Dean Leeper, originally from Wisconsin, found himself stopping on his morning bike rides to and from the University of Montana campus to stare at the mountains.
Not uncommon, even for those who grew up in Missoula. When the sun catches a mountain ridge just right, or the larch trees hit that perfect shade of yellow, it can bring everything to a halt. Leeper, though, set about to recreate many of those moments through sculpture.
“Narratives of Place,” Leeper's MFA exhibit, presents various looks at the mountains surrounding Missoula, taking a poppy ceramic look at many well-known elements, like the inversion, burn scars or alpenglow.
“There’s something about the consistency of the mountains,” Leeper said. “It’s always familiar, it’s always different in small ways.”
One series has four ceramic chunks of hillside side by side on a shelf, each glazed and finished to reflect the slopes of Mount Sentinel through each season. Fall starts dark and sketchy, with actual brown grass inserted into the piece. Winter is white and bright, sandblasted to give the piece a rough texture. Spring is, of course, deep green while summer brightens to that well-known yellowish-brown, also with grass wedged into the side.
“Eastward” visualizes Leeper’s morning commute across the Van Buren bridge, with the metal scaffolding screwed to the wall behind brightly-glazed, dark green and burnt yellow ceramic cylinders. A huge wedge of gray clay with a swirling, glassy aqua topside stands in front.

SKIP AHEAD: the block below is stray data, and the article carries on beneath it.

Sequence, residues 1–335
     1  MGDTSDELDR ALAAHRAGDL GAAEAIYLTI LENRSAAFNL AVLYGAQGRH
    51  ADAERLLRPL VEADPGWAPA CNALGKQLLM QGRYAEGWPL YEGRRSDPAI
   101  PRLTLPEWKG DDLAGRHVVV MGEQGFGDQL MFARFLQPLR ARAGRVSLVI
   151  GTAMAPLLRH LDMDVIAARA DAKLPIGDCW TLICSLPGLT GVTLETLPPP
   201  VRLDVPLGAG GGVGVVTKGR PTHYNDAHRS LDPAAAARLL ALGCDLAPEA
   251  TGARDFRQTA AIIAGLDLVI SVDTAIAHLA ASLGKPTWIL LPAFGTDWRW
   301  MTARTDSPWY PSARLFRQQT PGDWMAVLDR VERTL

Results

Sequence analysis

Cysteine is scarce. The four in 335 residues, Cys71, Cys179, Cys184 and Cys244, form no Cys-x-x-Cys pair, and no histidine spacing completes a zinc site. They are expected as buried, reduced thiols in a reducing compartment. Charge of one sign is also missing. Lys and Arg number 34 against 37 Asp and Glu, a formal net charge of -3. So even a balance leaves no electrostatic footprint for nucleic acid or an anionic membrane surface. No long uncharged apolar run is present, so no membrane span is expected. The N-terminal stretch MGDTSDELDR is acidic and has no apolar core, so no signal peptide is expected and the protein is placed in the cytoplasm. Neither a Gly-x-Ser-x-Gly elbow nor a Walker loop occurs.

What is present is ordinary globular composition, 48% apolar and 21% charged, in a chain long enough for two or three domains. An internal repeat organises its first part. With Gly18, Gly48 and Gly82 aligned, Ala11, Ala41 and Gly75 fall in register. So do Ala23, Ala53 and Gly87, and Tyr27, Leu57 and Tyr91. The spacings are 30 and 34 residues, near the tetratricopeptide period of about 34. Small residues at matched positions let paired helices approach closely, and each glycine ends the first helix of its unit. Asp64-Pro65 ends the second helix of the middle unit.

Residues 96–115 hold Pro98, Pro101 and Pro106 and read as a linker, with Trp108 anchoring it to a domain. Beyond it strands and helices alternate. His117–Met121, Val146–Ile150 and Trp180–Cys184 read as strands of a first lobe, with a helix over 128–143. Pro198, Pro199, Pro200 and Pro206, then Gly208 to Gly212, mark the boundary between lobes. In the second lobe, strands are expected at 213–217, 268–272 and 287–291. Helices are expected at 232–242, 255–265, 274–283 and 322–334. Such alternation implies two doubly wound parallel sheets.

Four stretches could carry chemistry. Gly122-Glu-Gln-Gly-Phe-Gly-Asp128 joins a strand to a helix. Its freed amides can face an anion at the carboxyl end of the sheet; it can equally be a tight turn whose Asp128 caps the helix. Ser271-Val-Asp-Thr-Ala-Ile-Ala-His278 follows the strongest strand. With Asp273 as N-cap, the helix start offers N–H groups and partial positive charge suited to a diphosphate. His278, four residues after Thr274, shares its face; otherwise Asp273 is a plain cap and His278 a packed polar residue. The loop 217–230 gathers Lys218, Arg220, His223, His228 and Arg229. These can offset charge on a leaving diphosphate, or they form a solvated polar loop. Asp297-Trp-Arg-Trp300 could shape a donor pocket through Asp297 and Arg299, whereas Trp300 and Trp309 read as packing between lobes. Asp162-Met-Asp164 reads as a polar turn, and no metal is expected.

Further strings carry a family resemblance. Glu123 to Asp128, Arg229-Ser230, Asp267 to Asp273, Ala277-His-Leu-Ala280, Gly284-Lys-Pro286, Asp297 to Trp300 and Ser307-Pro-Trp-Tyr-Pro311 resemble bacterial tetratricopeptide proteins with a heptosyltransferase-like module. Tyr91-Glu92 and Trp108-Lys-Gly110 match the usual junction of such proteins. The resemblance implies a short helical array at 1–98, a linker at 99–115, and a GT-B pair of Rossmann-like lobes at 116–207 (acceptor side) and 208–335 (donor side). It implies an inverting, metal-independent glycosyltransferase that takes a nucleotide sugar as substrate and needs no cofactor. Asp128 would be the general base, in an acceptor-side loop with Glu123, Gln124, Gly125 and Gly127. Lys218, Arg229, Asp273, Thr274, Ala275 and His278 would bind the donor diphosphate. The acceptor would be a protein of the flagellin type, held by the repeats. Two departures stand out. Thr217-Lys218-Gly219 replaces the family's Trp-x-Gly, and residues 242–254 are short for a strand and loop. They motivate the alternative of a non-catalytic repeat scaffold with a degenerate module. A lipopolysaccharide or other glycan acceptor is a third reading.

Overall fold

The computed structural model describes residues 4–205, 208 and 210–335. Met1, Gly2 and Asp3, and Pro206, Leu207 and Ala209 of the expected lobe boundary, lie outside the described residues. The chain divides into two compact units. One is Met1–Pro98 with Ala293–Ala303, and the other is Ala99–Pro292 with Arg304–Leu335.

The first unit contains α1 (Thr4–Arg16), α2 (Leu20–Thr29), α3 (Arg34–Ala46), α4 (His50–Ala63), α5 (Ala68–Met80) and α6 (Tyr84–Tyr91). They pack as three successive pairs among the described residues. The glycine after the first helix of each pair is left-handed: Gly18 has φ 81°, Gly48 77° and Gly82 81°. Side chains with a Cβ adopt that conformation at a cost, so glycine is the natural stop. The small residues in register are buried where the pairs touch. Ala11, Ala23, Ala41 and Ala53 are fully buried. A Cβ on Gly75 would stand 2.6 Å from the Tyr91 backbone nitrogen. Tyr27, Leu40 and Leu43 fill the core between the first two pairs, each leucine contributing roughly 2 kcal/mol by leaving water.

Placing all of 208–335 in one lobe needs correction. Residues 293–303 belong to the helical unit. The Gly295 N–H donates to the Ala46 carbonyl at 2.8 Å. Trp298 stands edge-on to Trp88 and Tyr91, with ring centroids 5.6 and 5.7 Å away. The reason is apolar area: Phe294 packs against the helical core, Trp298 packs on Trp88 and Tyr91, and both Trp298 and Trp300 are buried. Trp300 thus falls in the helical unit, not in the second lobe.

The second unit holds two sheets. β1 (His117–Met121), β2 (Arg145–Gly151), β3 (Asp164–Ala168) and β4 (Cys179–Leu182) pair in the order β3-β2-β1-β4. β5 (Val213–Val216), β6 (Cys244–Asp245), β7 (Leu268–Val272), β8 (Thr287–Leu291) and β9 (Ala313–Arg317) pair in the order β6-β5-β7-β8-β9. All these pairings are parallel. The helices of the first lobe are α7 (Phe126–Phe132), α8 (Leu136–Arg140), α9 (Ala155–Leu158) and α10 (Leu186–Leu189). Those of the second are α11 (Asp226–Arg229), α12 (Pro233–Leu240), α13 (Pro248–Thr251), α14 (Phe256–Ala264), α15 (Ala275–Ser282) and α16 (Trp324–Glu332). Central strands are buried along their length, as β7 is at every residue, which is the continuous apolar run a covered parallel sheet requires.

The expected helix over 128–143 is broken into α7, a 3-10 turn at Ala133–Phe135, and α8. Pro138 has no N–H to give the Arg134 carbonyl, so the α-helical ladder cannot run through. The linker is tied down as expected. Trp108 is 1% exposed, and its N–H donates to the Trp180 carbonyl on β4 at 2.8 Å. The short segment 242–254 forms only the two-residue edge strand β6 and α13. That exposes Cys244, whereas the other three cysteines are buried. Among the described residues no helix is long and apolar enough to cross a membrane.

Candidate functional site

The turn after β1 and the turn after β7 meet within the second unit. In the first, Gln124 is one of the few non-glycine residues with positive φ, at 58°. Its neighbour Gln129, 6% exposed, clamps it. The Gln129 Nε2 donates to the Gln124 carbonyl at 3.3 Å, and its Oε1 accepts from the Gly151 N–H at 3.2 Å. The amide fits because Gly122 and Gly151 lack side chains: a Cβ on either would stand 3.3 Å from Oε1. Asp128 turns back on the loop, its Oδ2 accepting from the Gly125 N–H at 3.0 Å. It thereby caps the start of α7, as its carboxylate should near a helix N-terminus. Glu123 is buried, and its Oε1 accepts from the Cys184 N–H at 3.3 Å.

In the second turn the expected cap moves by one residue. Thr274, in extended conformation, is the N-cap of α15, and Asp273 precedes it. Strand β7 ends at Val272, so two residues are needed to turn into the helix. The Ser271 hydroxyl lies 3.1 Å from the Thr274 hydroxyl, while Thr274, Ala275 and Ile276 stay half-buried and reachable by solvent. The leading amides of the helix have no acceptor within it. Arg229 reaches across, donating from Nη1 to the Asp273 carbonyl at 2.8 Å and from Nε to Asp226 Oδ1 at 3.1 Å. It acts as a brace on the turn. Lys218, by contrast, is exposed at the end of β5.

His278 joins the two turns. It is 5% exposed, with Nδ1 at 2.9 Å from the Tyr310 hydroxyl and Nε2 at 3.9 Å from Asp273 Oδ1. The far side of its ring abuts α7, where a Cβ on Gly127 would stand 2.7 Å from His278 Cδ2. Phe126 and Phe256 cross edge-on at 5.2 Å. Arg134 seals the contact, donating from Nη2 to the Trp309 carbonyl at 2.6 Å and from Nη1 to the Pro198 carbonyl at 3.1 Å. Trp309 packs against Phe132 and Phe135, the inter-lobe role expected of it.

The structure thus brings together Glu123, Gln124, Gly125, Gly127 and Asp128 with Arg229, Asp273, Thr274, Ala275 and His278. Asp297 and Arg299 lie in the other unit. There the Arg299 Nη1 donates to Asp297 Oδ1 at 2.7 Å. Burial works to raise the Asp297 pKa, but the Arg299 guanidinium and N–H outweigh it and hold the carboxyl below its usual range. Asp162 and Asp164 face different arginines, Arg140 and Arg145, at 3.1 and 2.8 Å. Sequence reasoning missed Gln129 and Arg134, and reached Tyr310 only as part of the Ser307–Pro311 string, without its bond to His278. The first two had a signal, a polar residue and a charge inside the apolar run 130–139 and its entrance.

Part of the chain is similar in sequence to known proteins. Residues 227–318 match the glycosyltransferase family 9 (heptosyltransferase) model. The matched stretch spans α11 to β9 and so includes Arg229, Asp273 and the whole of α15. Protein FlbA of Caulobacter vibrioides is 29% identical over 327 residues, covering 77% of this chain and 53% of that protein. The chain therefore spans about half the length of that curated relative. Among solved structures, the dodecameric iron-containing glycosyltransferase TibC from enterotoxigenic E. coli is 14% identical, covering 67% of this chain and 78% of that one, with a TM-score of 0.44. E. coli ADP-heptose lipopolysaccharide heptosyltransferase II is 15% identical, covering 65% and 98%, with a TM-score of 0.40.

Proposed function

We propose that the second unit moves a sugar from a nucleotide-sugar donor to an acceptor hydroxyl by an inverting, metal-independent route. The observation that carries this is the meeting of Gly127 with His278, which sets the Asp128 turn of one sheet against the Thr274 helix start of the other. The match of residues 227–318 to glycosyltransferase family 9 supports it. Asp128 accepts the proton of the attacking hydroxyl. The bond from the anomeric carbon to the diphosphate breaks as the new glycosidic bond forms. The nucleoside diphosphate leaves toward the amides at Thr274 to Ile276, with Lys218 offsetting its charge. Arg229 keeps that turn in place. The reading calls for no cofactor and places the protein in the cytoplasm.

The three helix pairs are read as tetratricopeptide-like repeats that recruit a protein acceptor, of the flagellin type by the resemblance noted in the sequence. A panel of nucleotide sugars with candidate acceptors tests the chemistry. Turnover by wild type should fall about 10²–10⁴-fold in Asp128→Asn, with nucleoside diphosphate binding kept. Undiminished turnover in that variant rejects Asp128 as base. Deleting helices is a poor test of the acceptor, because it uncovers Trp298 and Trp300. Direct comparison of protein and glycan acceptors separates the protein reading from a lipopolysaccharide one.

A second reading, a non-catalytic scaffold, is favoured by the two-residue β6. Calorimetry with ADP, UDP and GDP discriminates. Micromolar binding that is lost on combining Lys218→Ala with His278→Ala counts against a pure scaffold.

Like a chef deconstructing meals to give the diner a new perspective on classics, “Eastward” breaks down a popular Missoula Instagram spot into its essential elements, reimagines them in different shapes and mediums, then reassembles them into an eye-popping diorama.
Leeper’s sloping ceramic slabs are precisely glazed to capture the exact color or shadow lines he sees on the mountainside. A piece focused on burned areas uses graphite to give the sculpture a dark, textured exterior.
He made two of almost everything, to ensure he got the exact look he wanted. When combined, the exhibit makes a complete picture of the mountains' many moods, observed by Leeper through the years.
“Each one’s kind of its own little narrative.”